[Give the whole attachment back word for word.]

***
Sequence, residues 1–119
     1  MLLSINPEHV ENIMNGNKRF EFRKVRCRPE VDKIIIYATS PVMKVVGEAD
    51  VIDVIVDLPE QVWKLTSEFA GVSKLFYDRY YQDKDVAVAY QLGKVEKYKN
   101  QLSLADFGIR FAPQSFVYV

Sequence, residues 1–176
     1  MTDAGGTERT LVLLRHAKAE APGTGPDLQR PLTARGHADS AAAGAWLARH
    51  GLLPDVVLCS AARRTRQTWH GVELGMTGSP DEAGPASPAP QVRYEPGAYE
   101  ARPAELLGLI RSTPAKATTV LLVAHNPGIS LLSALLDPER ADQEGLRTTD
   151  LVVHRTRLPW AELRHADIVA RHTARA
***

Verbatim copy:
Sequence, residues 1–119
     1  MLLSINPEHV ENIMNGNKRF EFRKVRCRPE VDKIIIYATS PVMKVVGEAD
    51  VIDVIVDLPE QVWKLTSEFA GVSKLFYDRY YQDKDVAVAY QLGKVEKYKN
   101  QLSLADFGIR FAPQSFVYV

Sequence, residues 1–176
     1  MTDAGGTERT LVLLRHAKAE APGTGPDLQR PLTARGHADS AAAGAWLARH
    51  GLLPDVVLCS AARRTRQTWH GVELGMTGSP DEAGPASPAP QVRYEPGAYE
   101  ARPAELLGLI RSTPAKATTV LLVAHNPGIS LLSALLDPER ADQEGLRTTD
   151  LVVHRTRLPW AELRHADIVA RHTARA